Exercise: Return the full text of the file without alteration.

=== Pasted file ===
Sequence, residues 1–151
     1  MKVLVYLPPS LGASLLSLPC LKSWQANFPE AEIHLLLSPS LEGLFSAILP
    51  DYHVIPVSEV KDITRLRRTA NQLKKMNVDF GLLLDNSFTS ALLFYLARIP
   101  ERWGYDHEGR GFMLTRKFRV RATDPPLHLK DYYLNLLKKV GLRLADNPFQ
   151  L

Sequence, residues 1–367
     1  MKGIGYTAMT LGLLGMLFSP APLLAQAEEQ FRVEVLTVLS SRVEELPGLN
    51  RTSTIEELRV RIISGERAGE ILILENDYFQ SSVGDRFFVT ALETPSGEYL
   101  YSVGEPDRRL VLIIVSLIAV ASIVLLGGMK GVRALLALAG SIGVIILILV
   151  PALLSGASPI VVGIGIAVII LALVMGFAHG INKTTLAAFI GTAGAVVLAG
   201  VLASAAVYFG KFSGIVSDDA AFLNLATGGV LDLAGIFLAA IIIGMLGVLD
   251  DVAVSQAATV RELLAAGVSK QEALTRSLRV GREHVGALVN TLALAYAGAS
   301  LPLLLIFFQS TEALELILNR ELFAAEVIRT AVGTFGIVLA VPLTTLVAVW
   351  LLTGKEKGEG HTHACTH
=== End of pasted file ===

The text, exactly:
Sequence, residues 1–151
     1  MKVLVYLPPS LGASLLSLPC LKSWQANFPE AEIHLLLSPS LEGLFSAILP
    51  DYHVIPVSEV KDITRLRRTA NQLKKMNVDF GLLLDNSFTS ALLFYLARIP
   101  ERWGYDHEGR GFMLTRKFRV RATDPPLHLK DYYLNLLKKV GLRLADNPFQ
   151  L

Sequence, residues 1–367
     1  MKGIGYTAMT LGLLGMLFSP APLLAQAEEQ FRVEVLTVLS SRVEELPGLN
    51  RTSTIEELRV RIISGERAGE ILILENDYFQ SSVGDRFFVT ALETPSGEYL
   101  YSVGEPDRRL VLIIVSLIAV ASIVLLGGMK GVRALLALAG SIGVIILILV
   151  PALLSGASPI VVGIGIAVII LALVMGFAHG INKTTLAAFI GTAGAVVLAG
   201  VLASAAVYFG KFSGIVSDDA AFLNLATGGV LDLAGIFLAA IIIGMLGVLD
   251  DVAVSQAATV RELLAAGVSK QEALTRSLRV GREHVGALVN TLALAYAGAS
   301  LPLLLIFFQS TEALELILNR ELFAAEVIRT AVGTFGIVLA VPLTTLVAVW
   351  LLTGKEKGEG HTHACTH